* The attempts to create diverse and decentralised means of communication have been an important step towards producing self-organised, flexible and dynamic systems that help to facilitate participation and reduce predictability.

We expect that all participants at the PGA conference agree on the need to maintain and improve these forms of articulation, action and communication - not just because they define the way in which the network operates and relates to other networks, but also because their great results they have had in the last years. However, there are some important questions to discuss. Here are some examples:

* PGA and similar networks in Europe and North America have connected mainly people who come from so-called autonomous groups (squats and social centres, self-organised environmental or solidarity groups, anarchist collectives, post-ideological action groups, etc). The active participation of people who are most directly affected by the structures of power which we confront (self-organised refugees and migrants, women's groups, homeless, sex workers, etc) has been quite limited. This contrasts sharply with the situation in Asia, Latin America and the Pacific (and to a much lesser degree, also in Southern Africa), where the participation has so far mainly come from large movements of the most oppressed people (peasants, indigenous peoples, women's organisations, etc) - although in Latin America and the Pacific there is also an increasing participation from local autonomous groups. It is true that there are not many movements of oppressed people in Europe, and even fewer that work according to principles of decentralisation and autonomy, but we seem to be doing a bad job at working together even with the ones that we are already in contact with.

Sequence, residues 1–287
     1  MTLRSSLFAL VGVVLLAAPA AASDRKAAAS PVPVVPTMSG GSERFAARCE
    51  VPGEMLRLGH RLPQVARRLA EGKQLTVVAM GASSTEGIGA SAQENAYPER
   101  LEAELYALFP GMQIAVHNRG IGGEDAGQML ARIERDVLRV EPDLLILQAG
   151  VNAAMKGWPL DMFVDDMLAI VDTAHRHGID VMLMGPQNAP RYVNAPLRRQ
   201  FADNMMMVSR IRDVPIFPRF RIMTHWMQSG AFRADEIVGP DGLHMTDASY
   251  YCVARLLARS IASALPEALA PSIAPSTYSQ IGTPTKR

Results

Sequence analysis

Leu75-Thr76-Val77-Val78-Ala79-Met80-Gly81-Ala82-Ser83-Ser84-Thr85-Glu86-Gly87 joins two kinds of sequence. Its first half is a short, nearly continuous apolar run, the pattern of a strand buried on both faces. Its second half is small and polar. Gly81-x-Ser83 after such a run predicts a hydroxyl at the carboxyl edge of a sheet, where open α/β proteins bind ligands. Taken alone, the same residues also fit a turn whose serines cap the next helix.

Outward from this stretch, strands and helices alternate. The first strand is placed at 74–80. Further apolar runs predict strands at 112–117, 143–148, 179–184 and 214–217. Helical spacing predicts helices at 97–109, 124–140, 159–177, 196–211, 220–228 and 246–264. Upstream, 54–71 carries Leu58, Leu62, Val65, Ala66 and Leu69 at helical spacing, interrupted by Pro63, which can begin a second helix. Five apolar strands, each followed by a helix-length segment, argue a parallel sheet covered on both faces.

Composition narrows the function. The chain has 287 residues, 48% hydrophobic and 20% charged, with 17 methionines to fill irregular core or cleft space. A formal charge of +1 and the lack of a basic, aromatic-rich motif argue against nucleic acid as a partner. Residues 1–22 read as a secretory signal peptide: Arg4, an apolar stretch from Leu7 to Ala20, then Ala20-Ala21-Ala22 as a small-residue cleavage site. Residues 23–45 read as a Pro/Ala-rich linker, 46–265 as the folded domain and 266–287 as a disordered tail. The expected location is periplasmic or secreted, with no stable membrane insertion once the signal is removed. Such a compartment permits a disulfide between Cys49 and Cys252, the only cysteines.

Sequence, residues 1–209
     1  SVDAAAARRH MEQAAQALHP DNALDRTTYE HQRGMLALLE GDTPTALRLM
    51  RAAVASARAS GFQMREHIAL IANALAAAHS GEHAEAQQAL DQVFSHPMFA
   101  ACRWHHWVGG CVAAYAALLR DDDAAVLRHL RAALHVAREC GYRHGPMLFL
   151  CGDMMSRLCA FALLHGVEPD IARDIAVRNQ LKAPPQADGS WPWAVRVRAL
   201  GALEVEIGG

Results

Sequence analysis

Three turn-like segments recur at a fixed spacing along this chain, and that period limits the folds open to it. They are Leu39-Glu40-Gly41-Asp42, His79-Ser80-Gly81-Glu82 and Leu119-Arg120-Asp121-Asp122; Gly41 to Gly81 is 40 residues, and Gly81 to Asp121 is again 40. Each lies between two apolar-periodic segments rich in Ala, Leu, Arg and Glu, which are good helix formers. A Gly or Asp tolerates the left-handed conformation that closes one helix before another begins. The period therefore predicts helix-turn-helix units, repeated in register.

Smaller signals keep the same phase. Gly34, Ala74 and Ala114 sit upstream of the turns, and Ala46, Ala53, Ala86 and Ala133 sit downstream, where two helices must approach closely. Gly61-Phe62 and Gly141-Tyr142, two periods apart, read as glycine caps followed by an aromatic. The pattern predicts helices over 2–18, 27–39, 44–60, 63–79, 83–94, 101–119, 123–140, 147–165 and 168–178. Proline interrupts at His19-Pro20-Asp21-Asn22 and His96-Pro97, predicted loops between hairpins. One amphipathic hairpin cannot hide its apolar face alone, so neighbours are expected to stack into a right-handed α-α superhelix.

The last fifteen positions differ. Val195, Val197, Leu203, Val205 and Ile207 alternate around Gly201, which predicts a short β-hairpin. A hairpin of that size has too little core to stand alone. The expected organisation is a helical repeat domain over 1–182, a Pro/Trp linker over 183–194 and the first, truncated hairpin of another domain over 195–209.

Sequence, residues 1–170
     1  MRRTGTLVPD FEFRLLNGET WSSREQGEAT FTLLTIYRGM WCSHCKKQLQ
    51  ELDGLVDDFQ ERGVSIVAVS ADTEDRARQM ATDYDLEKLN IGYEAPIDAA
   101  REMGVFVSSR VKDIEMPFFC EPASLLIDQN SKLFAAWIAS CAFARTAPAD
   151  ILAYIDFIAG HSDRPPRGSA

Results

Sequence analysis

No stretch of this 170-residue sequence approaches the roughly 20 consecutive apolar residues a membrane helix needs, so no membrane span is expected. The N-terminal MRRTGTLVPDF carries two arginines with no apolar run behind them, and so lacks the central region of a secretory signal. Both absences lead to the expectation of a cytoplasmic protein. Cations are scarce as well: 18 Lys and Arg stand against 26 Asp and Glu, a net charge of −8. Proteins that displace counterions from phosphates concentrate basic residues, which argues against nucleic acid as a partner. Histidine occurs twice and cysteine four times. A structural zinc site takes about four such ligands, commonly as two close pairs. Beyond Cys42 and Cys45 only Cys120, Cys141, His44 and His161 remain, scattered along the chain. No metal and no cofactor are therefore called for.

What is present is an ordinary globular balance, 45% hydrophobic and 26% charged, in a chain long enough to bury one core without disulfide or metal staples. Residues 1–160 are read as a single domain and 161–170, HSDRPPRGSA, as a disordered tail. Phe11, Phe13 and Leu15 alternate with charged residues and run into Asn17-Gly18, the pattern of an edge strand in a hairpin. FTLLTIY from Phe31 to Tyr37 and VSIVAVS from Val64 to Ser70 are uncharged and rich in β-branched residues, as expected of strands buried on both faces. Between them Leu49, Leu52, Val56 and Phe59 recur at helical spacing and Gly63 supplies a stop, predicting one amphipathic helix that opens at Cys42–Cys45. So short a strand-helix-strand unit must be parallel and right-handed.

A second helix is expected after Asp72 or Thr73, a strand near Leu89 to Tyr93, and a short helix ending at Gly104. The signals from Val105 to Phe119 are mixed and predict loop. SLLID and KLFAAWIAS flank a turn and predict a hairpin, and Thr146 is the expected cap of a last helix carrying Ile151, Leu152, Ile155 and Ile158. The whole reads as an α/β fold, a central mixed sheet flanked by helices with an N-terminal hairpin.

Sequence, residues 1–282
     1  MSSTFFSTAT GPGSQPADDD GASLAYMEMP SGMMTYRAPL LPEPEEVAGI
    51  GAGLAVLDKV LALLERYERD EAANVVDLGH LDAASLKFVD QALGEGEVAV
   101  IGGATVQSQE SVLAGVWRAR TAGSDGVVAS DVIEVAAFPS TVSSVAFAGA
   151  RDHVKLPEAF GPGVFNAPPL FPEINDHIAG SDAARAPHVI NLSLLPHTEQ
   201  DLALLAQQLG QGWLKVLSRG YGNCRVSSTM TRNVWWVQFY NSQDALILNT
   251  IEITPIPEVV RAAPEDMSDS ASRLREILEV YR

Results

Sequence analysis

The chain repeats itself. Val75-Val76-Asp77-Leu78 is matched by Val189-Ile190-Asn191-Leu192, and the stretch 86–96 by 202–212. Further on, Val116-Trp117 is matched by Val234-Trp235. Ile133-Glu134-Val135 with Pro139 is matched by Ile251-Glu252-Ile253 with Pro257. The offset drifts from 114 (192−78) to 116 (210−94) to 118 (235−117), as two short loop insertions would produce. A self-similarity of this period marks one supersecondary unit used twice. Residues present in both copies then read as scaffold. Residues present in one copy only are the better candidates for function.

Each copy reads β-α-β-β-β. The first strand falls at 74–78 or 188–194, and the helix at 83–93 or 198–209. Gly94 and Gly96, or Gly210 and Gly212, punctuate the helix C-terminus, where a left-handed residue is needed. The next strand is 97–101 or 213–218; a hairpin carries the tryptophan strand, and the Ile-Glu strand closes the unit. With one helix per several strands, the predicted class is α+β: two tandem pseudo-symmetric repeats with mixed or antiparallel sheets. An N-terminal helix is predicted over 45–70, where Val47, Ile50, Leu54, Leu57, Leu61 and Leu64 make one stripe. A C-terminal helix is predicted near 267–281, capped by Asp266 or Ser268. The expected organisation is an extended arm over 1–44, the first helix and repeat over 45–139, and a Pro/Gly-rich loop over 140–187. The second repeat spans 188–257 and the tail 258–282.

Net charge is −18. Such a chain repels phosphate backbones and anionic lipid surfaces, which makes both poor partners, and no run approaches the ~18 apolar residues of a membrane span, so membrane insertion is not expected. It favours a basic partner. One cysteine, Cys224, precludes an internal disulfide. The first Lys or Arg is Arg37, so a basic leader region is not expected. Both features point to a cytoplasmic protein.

* Beyond the 'organised' groups and movements, there are huge numbers of people who challenge the existing order on a daily basis - for instance, applying low-intensity invisible techniques in their jobs to constantly defend and reinvent more humane ways of producing, crossing borders without permission, using graffiti or drums to bring life into grey suburbs, shoplifting in large malls, etc. Sometimes some of them come in contact with our networks (through social centres mainly) but most of them seem not to be very interested in or aware of what we do. At least part of the reason for this must lie in our ways of doing things and relating to each other: how we perceive and present ourselves, how we communicate, what sort of things we do (and fail to do), how we do them, etc.